NEW YORK -- The group that claimed responsibility for taking down the BBC's global website last week has said the attack was "just the start."
The cause of the attack was a massive distributed denial-of-service (DDoS) attack, which relies on pummeling a web server with so much traffic that it crumbles under the weight and stops responding.
DDoS attacks are widely used, and simple to carry out, often by online groups with the aim of bringing down websites for extended periods.
The group targeted the BBC earlier in the week. BBC websites, including its iPlayer on-demand service, suffered downtime for at least three hours on Thursday.
One of the members of the group, who identified himself as Ownz and declined to use his real name, told ZDNet that the attacks on the BBC's website and Trump's website were a "test of power" and server strength.
"ISIS is our main target," said Ownz.
Ownz, a self-described "hacktivist," sent ZDNet a screenshot of a web interface that was allegedly used to launch the attacks, indicating an assault of up to 602 Gbps, backing up similar claims the group made to the BBC.
We were not able to verify the authenticity of the screenshot, or the alleged size of the attack.
If that attack size is proven true, it would vastly surpass the previous record for largest DDoS attack of 334 Gbps, recorded by Arbor Networks in mid-2015.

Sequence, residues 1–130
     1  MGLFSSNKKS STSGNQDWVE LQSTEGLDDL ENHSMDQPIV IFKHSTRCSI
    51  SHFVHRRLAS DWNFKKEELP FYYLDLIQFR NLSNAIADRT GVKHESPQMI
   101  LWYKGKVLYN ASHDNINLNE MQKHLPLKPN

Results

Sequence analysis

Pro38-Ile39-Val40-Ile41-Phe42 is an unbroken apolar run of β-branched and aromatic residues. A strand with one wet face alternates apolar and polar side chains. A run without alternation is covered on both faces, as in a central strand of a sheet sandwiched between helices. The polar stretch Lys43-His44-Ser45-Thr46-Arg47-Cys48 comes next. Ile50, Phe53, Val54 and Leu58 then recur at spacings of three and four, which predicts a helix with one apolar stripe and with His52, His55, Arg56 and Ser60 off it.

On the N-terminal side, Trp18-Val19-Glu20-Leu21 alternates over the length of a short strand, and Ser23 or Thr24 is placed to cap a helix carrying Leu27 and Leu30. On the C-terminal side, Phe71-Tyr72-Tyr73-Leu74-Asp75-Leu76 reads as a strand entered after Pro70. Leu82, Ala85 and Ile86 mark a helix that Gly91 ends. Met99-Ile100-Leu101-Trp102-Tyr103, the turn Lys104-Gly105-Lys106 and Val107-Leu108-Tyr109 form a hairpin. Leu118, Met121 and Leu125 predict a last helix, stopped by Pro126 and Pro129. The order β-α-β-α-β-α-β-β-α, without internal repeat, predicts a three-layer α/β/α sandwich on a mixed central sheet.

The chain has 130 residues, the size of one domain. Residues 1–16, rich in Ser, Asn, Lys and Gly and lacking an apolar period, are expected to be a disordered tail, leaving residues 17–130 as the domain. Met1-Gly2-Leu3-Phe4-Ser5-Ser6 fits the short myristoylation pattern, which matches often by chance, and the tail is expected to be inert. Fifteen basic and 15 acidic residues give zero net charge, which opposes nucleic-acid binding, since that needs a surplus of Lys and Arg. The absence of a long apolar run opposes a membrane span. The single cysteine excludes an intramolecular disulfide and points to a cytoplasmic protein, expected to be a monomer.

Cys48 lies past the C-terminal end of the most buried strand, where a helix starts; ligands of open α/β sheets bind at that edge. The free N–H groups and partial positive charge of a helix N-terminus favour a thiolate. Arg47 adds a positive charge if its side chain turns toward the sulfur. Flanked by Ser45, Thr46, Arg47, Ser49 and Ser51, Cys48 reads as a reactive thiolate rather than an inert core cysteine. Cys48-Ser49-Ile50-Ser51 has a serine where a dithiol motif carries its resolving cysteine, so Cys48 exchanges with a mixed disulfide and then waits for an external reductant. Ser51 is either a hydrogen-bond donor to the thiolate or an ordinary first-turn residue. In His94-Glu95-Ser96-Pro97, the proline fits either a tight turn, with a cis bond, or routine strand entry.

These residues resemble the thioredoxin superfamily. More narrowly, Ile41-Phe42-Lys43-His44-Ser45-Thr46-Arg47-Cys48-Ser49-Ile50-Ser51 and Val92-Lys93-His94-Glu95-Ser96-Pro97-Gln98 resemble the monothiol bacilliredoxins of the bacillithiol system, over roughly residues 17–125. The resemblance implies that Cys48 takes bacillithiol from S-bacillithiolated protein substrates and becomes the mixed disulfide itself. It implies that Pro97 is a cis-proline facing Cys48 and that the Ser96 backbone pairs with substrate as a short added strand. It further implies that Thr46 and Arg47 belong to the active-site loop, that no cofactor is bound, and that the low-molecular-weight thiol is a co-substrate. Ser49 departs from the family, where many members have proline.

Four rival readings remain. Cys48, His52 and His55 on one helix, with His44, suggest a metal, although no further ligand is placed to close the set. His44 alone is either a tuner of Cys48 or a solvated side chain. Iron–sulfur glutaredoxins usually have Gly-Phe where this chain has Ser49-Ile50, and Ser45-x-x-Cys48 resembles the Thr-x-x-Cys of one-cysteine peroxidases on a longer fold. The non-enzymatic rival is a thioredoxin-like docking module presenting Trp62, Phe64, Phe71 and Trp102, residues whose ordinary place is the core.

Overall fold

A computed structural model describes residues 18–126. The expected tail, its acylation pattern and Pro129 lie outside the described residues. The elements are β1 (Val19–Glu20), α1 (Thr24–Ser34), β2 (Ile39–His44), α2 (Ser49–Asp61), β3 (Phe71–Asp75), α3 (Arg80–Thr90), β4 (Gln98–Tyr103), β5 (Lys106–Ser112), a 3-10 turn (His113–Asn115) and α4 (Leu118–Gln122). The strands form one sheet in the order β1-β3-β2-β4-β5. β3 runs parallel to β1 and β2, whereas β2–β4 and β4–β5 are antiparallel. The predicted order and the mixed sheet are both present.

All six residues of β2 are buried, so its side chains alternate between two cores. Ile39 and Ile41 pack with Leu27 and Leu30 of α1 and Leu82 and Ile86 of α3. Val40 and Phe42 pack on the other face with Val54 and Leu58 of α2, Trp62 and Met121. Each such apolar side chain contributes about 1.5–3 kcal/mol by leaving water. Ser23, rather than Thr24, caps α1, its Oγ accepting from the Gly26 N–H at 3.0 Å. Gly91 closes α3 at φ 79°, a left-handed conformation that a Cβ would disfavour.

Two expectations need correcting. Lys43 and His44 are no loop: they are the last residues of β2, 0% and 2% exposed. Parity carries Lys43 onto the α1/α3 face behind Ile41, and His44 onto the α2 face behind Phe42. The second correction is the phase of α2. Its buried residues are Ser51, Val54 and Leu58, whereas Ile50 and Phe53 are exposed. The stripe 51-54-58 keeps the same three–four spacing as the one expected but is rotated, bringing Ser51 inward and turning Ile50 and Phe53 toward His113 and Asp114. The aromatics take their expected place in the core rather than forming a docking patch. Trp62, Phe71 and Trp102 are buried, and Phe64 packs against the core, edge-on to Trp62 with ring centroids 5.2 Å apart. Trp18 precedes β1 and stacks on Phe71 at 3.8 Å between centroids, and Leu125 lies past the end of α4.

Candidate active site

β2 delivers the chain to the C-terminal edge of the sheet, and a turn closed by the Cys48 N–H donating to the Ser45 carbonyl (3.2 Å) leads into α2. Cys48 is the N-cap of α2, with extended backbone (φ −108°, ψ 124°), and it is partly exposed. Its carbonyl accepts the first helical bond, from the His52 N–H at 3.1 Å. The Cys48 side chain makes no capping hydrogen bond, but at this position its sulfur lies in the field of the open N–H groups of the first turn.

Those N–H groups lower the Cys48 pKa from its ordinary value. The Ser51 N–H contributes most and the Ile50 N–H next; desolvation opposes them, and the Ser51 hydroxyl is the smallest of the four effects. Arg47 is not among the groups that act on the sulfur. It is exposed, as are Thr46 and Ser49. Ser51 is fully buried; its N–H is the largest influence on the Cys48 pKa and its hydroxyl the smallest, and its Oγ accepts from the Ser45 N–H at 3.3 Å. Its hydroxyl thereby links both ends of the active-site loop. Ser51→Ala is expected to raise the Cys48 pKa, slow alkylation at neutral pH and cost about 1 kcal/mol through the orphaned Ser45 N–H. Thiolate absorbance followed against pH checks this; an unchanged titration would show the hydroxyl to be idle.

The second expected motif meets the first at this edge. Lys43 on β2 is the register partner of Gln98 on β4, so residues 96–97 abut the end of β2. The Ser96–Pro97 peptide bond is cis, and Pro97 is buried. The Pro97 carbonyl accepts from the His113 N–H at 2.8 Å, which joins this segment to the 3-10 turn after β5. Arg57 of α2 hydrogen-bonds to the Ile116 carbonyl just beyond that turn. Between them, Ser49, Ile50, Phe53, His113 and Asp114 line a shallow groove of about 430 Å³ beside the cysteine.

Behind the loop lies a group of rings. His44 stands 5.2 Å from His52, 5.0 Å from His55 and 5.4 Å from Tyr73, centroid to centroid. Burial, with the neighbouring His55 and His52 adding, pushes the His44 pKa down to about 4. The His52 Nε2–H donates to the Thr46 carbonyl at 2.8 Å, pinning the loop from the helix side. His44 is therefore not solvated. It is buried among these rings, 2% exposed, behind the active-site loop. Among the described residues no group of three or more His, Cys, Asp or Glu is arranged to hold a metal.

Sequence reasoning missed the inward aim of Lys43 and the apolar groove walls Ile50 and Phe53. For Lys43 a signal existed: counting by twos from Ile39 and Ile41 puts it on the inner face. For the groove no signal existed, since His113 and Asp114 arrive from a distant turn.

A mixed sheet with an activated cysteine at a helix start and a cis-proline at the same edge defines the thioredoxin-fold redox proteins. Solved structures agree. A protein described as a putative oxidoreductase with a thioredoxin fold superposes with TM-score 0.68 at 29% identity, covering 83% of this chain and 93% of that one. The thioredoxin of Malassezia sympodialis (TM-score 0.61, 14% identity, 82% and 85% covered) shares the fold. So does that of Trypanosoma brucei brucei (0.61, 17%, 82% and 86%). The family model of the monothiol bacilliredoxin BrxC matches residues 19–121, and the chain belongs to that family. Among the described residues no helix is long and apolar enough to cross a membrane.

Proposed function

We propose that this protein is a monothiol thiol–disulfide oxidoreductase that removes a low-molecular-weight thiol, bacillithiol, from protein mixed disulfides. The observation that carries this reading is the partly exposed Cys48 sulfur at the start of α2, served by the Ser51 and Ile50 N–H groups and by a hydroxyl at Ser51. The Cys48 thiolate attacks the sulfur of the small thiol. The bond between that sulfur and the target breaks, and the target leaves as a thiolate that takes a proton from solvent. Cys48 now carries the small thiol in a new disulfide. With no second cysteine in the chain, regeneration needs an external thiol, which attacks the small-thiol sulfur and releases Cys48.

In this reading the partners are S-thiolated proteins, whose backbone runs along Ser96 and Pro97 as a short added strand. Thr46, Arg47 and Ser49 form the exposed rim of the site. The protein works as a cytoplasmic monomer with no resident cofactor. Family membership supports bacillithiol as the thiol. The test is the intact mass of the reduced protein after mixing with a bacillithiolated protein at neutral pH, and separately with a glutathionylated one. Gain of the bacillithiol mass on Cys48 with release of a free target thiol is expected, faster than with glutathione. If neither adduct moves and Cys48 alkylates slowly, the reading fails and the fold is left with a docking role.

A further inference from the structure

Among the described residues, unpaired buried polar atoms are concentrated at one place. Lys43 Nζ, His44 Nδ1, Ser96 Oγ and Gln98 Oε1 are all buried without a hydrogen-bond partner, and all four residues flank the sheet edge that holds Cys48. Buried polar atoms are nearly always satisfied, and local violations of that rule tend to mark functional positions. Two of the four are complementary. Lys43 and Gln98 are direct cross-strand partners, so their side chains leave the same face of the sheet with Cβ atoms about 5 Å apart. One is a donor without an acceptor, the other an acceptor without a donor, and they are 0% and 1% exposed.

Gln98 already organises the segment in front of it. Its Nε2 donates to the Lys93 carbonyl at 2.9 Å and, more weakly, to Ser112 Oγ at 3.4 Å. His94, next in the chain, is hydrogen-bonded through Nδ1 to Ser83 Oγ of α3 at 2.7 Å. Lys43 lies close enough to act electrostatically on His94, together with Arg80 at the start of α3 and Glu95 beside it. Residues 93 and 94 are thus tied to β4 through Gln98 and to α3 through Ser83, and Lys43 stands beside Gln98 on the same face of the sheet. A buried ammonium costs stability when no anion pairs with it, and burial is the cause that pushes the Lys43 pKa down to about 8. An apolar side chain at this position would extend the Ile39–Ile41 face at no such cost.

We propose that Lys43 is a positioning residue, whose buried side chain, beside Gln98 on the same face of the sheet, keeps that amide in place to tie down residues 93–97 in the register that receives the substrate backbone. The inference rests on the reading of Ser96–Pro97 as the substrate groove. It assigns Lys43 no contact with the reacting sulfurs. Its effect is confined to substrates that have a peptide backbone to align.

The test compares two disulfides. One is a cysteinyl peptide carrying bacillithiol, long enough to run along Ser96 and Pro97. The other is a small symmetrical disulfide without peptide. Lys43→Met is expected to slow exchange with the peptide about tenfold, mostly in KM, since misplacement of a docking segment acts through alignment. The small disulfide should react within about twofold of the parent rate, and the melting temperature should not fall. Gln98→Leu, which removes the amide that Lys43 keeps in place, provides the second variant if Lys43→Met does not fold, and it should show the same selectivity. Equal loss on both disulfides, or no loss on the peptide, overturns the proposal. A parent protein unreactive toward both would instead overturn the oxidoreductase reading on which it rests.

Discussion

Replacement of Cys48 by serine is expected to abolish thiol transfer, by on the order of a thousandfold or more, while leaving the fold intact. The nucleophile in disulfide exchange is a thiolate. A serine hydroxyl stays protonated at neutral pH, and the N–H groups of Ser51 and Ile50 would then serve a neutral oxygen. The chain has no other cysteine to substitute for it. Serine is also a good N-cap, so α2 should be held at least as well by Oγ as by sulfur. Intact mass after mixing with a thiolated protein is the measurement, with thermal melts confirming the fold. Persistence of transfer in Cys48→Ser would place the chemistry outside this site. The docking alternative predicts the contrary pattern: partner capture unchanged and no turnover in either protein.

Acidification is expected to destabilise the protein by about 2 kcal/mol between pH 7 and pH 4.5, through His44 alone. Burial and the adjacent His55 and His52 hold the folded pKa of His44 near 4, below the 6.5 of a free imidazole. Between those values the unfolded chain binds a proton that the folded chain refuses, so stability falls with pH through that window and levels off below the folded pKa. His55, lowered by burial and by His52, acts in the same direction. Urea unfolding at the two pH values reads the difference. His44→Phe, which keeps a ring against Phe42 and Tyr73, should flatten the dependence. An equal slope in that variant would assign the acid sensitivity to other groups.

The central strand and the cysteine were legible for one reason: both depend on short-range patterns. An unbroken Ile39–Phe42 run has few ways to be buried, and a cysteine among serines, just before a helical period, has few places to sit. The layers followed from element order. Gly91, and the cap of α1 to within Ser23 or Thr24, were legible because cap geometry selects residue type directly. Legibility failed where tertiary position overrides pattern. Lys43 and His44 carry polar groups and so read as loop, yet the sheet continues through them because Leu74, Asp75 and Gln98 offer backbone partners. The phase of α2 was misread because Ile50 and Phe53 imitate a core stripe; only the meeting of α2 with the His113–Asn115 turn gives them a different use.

Ownz said the size of the attack was possible by using at least two "Amazon servers," but did not disclose additional details.
Amazon has previously said that Amazon Web Services "employs a number of automated detection and mitigation techniques to prevent the misuse of our services," with the capability to stop denial-of-service attacks from being launched and to shut down such an attack quickly if one is detected.
"We have our ways of bypassing Amazon," said Ownz. "The best way to describe it is we tap into a few administrative services that Amazon is use to using. The [sic] simply set our bandwidth limit as unlimited and program our own scripts to hide it."
Amazon did not respond to a request for comment over the weekend.
Ownz said the group of 12 people, many of whom are based in the US, spent about two weeks programming before they launched the attack on the BBC.
"The main purpose of this benefits unmasking ISIS, stopping the spread, and possibly ending the propaganda," said Ownz. "We have been taking down ISIS websites in the past... this is just the start of a new year."
The hacktivist said the group is compiling a list of Islamic State-related targets and plans to release the list Tuesday.
Ownz declined to name any targets in advance of the planned release.
Prior to the attacks on the BBC and Trump's campaign website, the group was involved in a number of activities, including unmasking members of the Ku Klux Klan, and efforts to find and report online accounts associated with the Islamic State following the November terrorist attacks in Paris.
The group also said it was involved in the hacking of a major US retailer, which led to the unauthorized access of millions of credit cards. The hacktivist declined to identify the retailer on the record.
Ownz said that other targets were on the group's radar, particularly sites dedicated to neo-Nazi and white-supremacist materials. The hacktivist mentioned one website in passing. Moments later, the site appeared offline.
ZDNet asked if the site was offline because Ownz mentioned it in conversation just a few moments earlier.
"Yes, indeed," said the hacktivist.